Sunday, March 25, 2007

Testimonies, Statutes, and Judgments: Dt 4:44-45

"Now this is the law which Moses set before the children of Israel. These are the testimonies, the statutes, and the judgments which Moses spoke to the children of Israel after they came out of Egypt" (Deuteronomy 4:44-45 NKJV)

When I first started studying the Book of Deuteronomy, I tended to skim over some of the terms used in the scripture and, as in the scripture above, tended to think of them as equivalent terms, but as I studied these terms more deeply I began to see that they each spoke of something distinct and different. There are many places in the scriptures where God refers to Testimonies, Statutes, and Judgments, here is a brief definition of those terms along with how they apply to us today, especially in regards to civil government.

Testimonies: This term applies most specifically to the Ten Commandments. Speaking of the arc that Moses was to construct to hold the tablets containing the Ten Commandments, God said, "You shall put the mercy seat on top of the ark, and in the ark you shall put the testimony which I will give to you. There I will meet with you; and from above the mercy seat, from between the two cherubim which are upon the ark of the testimony , I will speak to you about all that I will give you in commandment for the sons of Israel." (Exodus 25:21-22) Notice that God explicitly refers to the Ten Commandments as the "testimony" and the arc as the "arc of the testimony". The Ten Commandments represented the fundamental agreement, or contract, between God and the nation of Israel. This contract was the fundamental agreement upon which the nation of Israel was established. The Ten Commandments were more than a collection of statutes, they were more than just another set of laws, they were the fundamental principals upon which the nation was founded and upon which the nation would continue to prosper. Testimonies have their modern day equivalence in constitutional law. Every nation is built upon certain founding principals and, as for the United States of America and many other nations, these principals are codified in their constitution. Constitutional law exists at a higher place than statutory law in that it deals with the common governing principals and beliefs that gave birth to a nation. It is upon constitutional law that all others statutes are built and founded.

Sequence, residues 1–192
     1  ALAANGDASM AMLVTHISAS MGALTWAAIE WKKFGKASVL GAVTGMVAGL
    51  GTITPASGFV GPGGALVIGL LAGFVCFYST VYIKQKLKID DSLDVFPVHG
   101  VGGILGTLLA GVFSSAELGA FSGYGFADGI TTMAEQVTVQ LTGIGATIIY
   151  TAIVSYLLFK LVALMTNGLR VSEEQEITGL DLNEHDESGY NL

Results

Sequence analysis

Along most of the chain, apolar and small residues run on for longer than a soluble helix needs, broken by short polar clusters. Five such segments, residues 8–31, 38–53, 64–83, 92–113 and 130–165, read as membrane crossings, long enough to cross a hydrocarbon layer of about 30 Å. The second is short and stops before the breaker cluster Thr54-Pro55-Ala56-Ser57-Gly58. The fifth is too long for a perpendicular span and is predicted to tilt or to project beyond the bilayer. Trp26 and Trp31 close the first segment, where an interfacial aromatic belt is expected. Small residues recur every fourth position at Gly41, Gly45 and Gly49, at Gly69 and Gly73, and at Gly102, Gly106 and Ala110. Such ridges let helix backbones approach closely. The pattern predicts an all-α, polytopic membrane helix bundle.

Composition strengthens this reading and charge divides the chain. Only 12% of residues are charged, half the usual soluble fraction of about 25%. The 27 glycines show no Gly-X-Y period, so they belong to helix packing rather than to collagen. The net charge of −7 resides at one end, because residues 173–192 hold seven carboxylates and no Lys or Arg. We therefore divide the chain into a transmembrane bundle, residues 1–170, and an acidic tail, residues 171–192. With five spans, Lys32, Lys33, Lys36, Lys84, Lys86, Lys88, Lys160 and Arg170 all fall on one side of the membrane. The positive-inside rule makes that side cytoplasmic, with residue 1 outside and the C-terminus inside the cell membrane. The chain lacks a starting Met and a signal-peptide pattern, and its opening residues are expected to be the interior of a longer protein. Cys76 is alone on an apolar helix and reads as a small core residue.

Statutes: This term applies to a written set of laws. Statutes go beyond "common law" in that they are a formal codification of regulations, obligations, and decrees to be observed by the citizenry. Upon founding the nation of Israel, God did not leave it to judges to decide for themselves what should be legal and illegal, rather He laid out an extensive list of statutes that each citizen of the nation of Israel was to obey. The right and authority to establish a written set of laws is a fundamental right of all governments and it is a fundamental obligation of every citizen to obey such laws. "Every person is to be in subjection to the governing authorities. For there is no authority except from God, and those which exist are established by God. Therefore whoever resists authority has opposed the ordinance of God; and they who have opposed will receive condemnation upon themselves." (Romans 13:1-2)

Judgments: This term refers to the judicial action and punishments taken upon those who do not obey the testimonies and statues. It is one thing to make stealing legal, but it is another thing to specify what should happen to someone who steals. God not only established for Israel the laws they were to obey but also the judicial action to be taken when those laws were broken. The right to trial, the rules of evidence, and the sentencing of punishments were not left to the discretion of judges but rather specified ahead of time by the Lord. It is the authority of nations to, not only establish their laws and statutes, but also to specify and execute punishment upon those who break their laws. "For rulers are not a cause of fear for good behavior, but for evil. Do you want to have no fear of authority? Do what is good and you will have praise from the same; for it is a minister of God to you for good. But if you do what is evil, be afraid; for it does not bear the sword for nothing; for it is a minister of God, an avenger who brings wrath on the one who practices evil." (Romans 13:3-4) However, it is also incumbent upon a nation to protect the rights of individuals during the judicial process. Judgments not only specify the consequences for the offender but also regulate the state as to how it conducts its judicial process and the right of the individual during that process.

David Robison

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